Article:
The aim of this study was to evaluate the impact of cerebral blood flow (CBF) recovery obtained from brain single-photon emission computed tomography (SPECT) images on postoperative outcome after aneurysmal subarachnoid haemorrhage (SAH). Twenty-nine patients who had undergone surgical clipping for ruptured anterior communicating artery aneurysms were analyzed prospectively. Routine measurements of CBF were performed using technetium-99 m hexamethyl propyleneamine oxine SPECT on days 4 and 14 after SAH. Regional voxel data analyzed by three dimensional stereotactic surface projection (3D-SSP) were compared between patients and age-matched normal database (NDB). In 3D-SSP analysis of all patients, cortical hypoperfusion around the surgical site in bilateral frontal lobes was evident on day 4 (P <.05 vs NDB), which was improved significantly on day 14. However, the recovery was less complete in patients with poor clinical grades (P <.05) and presenting symptoms attributable to delayed cerebral ischaemia (DCI) (P <.05) than those without. Multivariate analysis showed that patients with mild to moderate CBF recovery (relative Z-score differences of <4) (P =.014; odds ratio, 2.5; 95% confidence interval, 1.93–3.31) was independently associated with poor functional outcome at 3 months. We conclude that reduced CBF recovery detected by serial 3D-SSP SPECT image analyses can be a potential predictor of poor prognosis in postoperative patients after SAH.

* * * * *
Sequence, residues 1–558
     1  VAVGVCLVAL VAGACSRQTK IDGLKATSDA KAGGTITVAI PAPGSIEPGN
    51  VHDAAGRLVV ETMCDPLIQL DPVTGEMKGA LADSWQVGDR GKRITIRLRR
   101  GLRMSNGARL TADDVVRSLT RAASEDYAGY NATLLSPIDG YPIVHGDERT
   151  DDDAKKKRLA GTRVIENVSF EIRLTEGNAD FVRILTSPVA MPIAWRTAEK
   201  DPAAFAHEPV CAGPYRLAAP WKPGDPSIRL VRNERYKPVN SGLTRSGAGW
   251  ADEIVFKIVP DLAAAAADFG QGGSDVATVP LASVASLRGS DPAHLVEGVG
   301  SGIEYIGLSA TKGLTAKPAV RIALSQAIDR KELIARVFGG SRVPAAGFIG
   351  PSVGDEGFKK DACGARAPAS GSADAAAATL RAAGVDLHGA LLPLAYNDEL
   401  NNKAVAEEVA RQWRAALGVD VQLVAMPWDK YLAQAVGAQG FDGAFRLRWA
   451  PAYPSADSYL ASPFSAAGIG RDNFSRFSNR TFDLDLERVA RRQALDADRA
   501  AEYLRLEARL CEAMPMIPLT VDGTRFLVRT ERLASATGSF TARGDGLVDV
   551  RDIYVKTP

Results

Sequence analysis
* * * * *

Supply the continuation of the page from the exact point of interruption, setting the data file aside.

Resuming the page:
|Number of pages||6|
|Journal||Clinical and Experimental Pharmacology and Physiology|
|Publication status||Published - 2018 Feb|
- cerebral blood flow
- functional outcome
- statistical imaging analysis
- subarachnoid haemorrhage